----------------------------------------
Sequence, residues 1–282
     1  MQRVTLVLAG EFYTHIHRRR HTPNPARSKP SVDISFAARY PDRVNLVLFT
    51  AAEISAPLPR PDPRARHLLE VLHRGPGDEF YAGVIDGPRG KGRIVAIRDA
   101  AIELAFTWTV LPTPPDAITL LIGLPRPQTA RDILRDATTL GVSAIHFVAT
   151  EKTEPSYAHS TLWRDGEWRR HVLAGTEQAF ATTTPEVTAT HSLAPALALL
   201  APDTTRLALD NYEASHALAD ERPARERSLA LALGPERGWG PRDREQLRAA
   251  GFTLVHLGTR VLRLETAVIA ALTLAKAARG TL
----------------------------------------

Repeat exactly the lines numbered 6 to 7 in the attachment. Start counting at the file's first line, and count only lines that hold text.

   201  APDTTRLALD NYEASHALAD ERPARERSLA LALGPERGWG PRDREQLRAA
   251  GFTLVHLGTR VLRLETAVIA ALTLAKAARG TL